Infants were tested in one of the seven nursery rooms of the NICU or in the step-down unit at Rainbow Babies and Children’s Hospital. Each room accommodates one to six infants. The step-down unit is composed of private or semiprivate rooms that contain an incubator or crib and sleeping accommodations for the mother. Some rooms have large windows.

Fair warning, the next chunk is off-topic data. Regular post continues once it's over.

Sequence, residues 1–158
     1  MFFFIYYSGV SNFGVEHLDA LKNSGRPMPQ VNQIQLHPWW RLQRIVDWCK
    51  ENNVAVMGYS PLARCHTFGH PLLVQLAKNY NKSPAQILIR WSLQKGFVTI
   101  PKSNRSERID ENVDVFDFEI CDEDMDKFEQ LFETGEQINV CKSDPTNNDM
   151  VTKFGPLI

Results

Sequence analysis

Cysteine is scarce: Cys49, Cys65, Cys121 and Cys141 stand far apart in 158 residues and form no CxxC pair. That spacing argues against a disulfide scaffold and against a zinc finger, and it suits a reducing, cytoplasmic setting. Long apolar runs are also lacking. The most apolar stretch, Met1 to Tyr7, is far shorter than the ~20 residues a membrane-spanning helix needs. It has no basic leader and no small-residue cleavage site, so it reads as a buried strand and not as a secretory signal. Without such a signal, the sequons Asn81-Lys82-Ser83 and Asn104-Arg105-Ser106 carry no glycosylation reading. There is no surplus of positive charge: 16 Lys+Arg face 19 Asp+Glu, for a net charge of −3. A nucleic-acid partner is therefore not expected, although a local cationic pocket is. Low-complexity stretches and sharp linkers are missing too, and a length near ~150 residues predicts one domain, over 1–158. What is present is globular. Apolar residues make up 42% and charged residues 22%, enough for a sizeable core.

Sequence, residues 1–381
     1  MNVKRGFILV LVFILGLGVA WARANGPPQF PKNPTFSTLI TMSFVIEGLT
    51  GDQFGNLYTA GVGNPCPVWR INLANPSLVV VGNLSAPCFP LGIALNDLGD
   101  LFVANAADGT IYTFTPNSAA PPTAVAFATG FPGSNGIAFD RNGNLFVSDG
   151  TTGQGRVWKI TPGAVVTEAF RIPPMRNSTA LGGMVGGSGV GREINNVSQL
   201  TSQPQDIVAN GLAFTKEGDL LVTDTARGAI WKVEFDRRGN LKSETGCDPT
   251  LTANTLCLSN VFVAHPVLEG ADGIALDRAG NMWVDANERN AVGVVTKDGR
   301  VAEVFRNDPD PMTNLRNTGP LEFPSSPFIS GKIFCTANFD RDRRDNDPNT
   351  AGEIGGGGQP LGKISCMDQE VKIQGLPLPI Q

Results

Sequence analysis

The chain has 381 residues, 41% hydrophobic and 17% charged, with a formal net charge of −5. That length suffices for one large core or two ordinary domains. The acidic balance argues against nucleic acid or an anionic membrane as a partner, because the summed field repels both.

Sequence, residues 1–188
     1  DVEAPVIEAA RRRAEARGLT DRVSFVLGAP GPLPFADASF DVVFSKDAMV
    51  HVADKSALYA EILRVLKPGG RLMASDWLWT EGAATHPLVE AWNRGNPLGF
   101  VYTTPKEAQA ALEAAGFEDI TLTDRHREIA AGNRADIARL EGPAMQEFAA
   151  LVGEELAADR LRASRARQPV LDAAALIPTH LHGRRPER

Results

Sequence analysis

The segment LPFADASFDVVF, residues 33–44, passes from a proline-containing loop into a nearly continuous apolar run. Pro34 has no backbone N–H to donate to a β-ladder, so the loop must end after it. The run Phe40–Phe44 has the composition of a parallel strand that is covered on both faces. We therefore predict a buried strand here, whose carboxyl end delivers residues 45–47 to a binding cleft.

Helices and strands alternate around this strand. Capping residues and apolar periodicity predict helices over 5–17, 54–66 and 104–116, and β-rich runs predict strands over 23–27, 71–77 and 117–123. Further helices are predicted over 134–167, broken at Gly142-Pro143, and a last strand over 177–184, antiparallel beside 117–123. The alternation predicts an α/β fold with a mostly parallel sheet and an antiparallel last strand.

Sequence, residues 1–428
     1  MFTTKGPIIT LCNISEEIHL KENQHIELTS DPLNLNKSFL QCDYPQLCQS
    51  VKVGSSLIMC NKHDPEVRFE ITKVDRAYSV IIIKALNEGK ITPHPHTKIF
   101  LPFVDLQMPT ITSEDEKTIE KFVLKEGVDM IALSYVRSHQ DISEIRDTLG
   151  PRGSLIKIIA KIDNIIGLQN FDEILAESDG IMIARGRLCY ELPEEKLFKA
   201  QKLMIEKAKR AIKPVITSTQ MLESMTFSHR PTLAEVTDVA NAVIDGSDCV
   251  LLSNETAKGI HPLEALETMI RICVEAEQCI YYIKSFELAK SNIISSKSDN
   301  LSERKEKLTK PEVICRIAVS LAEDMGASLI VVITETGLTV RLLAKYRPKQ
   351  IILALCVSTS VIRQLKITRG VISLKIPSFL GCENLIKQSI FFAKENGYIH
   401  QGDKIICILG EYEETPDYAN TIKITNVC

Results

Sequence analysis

Recordings were conducted during two consecutive interfeeding periods, beginning at approximately 9:00 am. Each child received one and one-half hours of SSC four days a week for six weeks. Infants were left undisturbed between feedings. For the pretest period, all infants wore only a diaper if in an incubator. If the infant was in an open-air crib, then he or she wore a diaper and shirt and was covered with a blanket. In the pretest period, infants were positioned prone at a 30% incline and nested with blanket rolls around the sides and head within a commercially hooded (IsoCover model 92042A-DS; Child Medical Ventures, Boston, MA) OHIO CarePlus incubator (Air-Shields, Philadelphia, PA), or within an open-air crib that was inclined similarly, until the next feeding, which was conducted by a staff nurse. Mothers were absent during the test period if the infant was in the control group. All control group feedings were conducted in the incubator. Control infants continued in the pretest incubator or open-air crib conditions for the test period, whereas SSC infants were positioned with SSC as the mother reclined in a lounger at a 40% incline by the side of the incubator, behind privacy screens. Each mother wore a standard hospital gown and held the infant in a flexed position beneath a receiving blanket folded in fourths. Mothers were asked not to disturb the infant if he or she appeared to be sleeping. Maternal movement was recorded through direct observation and videotape review, to distinguish mother-induced from spontaneous neonatal arousals. Data collection ended when the next scheduled feeding began.